Constant Chaos - Deliberately starts arguments with you or others. May treat you well in front of others, but changes when you’re alone.

Rejecting - Refusing to acknowledge a person’s value, worth or presence. Communicating that he or she is useless or inferior or devaluing his or her thoughts and feelings.

Denying - Denies personal needs (especially when need is greatest) with the intent of causing hurt or as punishment. Uses silent treatment as punishment. Denies certain events happened or things that were said. Denies your perceptions, memory and sanity by disallowing any viewpoints other than their own which causes self-doubt, confusion, and loss of self-esteem.

Degrading - Any behavior that diminishes the identity, worth or dignity of the person such as: name-calling, mocking, teasing, insulting, ridiculing,

Emotional Blackmail - Uses guilt, compassion, or fear to get what he or she wants.

Terrorizing - Inducing intense fear or terror in a person, by threats or coercion.

Invalidation - Attempts to distort your perception of the world by refusing to acknowledge your personal reality. Says that your emotions and perceptions aren’t real and shouldn’t be trusted.

Isolating - Reducing or restricting freedom and normal contact with others.

Corrupting - Convincing a person to accept and engage in illegal activities.

Exploiting - Using a person for advantage or profit.

Minimizing - A less extreme form of denial that trivializes something you’ve expressed as unimportant or inconsequential.

Unpredictable Responses - Gets angry and upset in a situation that would normally not warrant a response. You walk around on eggshells to avoid any unnecessary drama over innocent comments you make. Drastic mood swings and outbursts.

Gaslighting -A form of psychological abuse involving the manipulation of situations or events that cause a person to be confused or to doubt his perceptions and memories. Gaslighting causes victims to constantly second-guess themselves and wonder if they’re losing their minds.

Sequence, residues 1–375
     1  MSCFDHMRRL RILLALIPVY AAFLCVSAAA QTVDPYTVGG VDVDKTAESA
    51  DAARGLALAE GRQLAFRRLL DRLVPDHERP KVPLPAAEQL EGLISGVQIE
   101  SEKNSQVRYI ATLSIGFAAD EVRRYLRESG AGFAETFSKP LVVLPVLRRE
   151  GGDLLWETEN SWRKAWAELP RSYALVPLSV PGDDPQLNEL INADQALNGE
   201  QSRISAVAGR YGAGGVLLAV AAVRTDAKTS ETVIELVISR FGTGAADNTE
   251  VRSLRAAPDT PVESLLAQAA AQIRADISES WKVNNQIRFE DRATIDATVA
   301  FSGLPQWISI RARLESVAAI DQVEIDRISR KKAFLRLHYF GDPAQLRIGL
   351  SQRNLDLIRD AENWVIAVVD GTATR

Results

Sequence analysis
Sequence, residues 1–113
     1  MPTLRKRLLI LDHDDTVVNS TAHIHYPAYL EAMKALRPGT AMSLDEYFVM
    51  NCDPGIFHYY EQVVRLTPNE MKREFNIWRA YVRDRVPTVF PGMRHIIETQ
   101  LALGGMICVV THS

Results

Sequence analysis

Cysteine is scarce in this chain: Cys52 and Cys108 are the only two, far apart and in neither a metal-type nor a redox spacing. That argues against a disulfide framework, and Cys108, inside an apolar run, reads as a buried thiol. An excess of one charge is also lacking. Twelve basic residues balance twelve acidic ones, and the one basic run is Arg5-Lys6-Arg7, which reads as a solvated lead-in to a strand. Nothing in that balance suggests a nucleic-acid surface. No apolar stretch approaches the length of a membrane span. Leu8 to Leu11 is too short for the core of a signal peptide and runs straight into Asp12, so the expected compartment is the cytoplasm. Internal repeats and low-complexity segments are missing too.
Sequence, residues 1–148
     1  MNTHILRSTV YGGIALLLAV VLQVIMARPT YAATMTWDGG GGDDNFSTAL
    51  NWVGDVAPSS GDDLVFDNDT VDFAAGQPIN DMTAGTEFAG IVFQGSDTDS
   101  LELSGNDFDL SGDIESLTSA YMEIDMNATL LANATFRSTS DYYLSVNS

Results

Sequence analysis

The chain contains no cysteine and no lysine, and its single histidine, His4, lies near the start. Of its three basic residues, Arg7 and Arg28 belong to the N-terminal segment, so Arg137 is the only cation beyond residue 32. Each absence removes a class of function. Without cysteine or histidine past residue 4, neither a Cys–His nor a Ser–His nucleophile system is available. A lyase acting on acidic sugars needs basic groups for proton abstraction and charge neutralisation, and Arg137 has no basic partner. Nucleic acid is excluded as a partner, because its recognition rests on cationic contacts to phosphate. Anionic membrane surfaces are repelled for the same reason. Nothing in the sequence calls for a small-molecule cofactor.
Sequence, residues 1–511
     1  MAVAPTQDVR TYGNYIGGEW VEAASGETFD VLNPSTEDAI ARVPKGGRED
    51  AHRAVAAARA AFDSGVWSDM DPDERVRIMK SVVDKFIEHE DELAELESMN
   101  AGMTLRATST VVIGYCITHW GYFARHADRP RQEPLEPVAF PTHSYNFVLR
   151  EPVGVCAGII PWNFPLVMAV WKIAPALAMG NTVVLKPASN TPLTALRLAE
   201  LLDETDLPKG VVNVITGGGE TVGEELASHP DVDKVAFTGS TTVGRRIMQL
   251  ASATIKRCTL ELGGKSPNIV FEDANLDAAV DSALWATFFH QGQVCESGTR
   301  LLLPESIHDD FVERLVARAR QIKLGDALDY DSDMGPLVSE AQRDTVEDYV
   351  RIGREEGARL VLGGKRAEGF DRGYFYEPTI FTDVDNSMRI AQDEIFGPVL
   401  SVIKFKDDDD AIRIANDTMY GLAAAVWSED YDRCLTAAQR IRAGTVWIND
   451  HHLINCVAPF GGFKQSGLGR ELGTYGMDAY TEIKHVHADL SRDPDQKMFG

Love, Salem

Anonymous said: My abusive mom kicked me out earlier this week and everyone keeps telling me that if she asks for forgiveness that I should just give it to her. They think that I should ask for her forgiveness too and that I should apologize for the way I was acting around her. I really think these people are all incredibly wrong and since they've never had an abusive parent before, they shouldn't give advice on it. Am I wrong? Should I forgive and ask for forgiveness?

hi anon. so sorry that happened to you - it sounds awful. and it’s true, the advice of people who haven’t been in your situation may not be worthwhile. technically we’re not really qualified to give advice like this. i will say that you are in no way obligated to forgive her, nor are you obligated to ask for forgiveness if you feel you didn’t do anything wrong. if forgiving/apologizing will make the situation easier in the short term, and if you feel comfortable doing so, it’s not wrong to do that either. ultimately it’s up to you, and we’re happy to direct you toward any resources that may help.

Tags: Anonymous

Anonymous said: My doctors encouraged an eating disorder and over-exercising to the point where I literally broke my body down. Now I have in addition to my back injury and mental health issues, chronic muscle problems and ribs that are always out of place. I worked until my body broke down because that's what doctors said I had to do to "get better" instead of actually helping me, they just told me to go be "with nature more". WHY DON'T YOU JUST PUT ME OUT TO PASTURE THEN DOC!? Geez.


That’s horrible. I’m sorry they did that to you.